Lending a caring paw: R.E.A.D. provides elementary fun

Caring+Paws+utilizes+therapy+dogs+in+order+to+help+children+across+the+nation+cope+with+stress.+They+hold+events+at+schools+during+finals%2C+airports+to+help+with+the+stress+of+travel%2C+libraries+to+improve+reading+confidence%2C+and+numerous+other+locations.+
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Lending a caring paw: R.E.A.D. provides elementary fun

Caring Paws utilizes therapy dogs in order to help children across the nation cope with stress. They hold events at schools during finals, airports to help with the stress of travel, libraries to improve reading confidence, and numerous other locations.

Caring Paws utilizes therapy dogs in order to help children across the nation cope with stress. They hold events at schools during finals, airports to help with the stress of travel, libraries to improve reading confidence, and numerous other locations.

Rachel Maxwell

Caring Paws utilizes therapy dogs in order to help children across the nation cope with stress. They hold events at schools during finals, airports to help with the stress of travel, libraries to improve reading confidence, and numerous other locations.

Rachel Maxwell

Rachel Maxwell

Caring Paws utilizes therapy dogs in order to help children across the nation cope with stress. They hold events at schools during finals, airports to help with the stress of travel, libraries to improve reading confidence, and numerous other locations.

Rachel Maxwell, Social media editor

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Reading Education Assistance Dogs (R.E.A.D.), a program that utilizes therapy dogs to help Kindergarten through Fifth grade students with their confidence, public speaking, and reading aloud skills, recently held an event at South Cobb Library. R.E.A.D. works out of libraries and schools nationally, selecting students who struggle with reading out loud. Kids sit with a licensed therapy team (dog and owner) and read books to the tail-wagging listeners. While the dog listens, the dog owners help the children read through the books when they struggle.

Rachel Maxwell
Rosie volunteers with her owner Susie Atcheson for Reading Education Assistance Dogs (R.E.A.D.). They work out of local libraries helping children gain confidence when reading aloud.

“R.E.A.D. is a safe space for kids. When the children are with their team, the idea is for the person to disappear, and for the environment to become peaceful so all of the child’s anxiety disappears, and they can just read to the dogs,” R.E.A.D. volunteer Sue Lee said.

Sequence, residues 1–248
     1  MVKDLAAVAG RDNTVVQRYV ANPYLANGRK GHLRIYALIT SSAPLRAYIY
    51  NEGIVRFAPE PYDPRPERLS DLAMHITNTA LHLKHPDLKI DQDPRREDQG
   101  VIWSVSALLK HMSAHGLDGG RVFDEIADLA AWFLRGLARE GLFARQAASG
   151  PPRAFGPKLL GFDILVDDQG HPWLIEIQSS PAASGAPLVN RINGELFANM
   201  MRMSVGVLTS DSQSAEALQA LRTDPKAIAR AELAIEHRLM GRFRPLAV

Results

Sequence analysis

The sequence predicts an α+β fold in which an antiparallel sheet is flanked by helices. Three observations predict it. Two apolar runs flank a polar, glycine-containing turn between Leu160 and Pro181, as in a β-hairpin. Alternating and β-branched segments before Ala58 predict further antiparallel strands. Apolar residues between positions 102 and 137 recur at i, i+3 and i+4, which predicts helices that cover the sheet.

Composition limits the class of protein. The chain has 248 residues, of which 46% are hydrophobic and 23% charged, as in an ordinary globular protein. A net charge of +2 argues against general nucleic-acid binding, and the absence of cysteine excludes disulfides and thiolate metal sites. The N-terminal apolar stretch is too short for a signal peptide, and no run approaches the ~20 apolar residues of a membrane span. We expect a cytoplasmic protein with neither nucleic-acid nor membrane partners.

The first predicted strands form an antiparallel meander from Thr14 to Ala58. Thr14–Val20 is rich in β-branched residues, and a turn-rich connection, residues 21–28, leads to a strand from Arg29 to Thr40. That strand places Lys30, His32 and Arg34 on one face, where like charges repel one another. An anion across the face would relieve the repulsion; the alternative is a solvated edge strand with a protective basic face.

To become a team, the dog must go through a series of tests and must be at least 12 months old. They must learn to lay down, stay calm, and listen. As an example of a test a dog must go through, if the dog walks through a nursing home without becoming excited, along with meeting the other requirements, they qualify for a therapy license.

Along with the dogs needing training, the owners must follow a list of rules as well. They must not let go of the dog’s leash, and if multiple dogs attend an event, they must not interact with each other. Dogs must stay with their owners at all times, including to the bathroom during the event.

Rachel Maxwell
Therapy dogs support people and provide help in different ways. Whether a stressful situations, gaining confidence, or just when you need a friend by your side, these dogs know how to help.

R.E.A.D. volunteer Susie Atcheson and her two therapy dogs Roise and Colbear work as volunteers with R.E.A.D. In the past, her older dog Colbear worked with people at nursing homes, airports, therapy centers, and hospitals.

Caring Paws, the group who organizes the therapy events, sends out emails to therapy teams who belong to their organization of different schools, libraries, and other places that want a visit from the dogs. The teams who find interest in attending the events sign up to attend with their dogs.

“I love this program, I love working with the kids and seeing their faces light up when they are with the animals,” Atcheson said.

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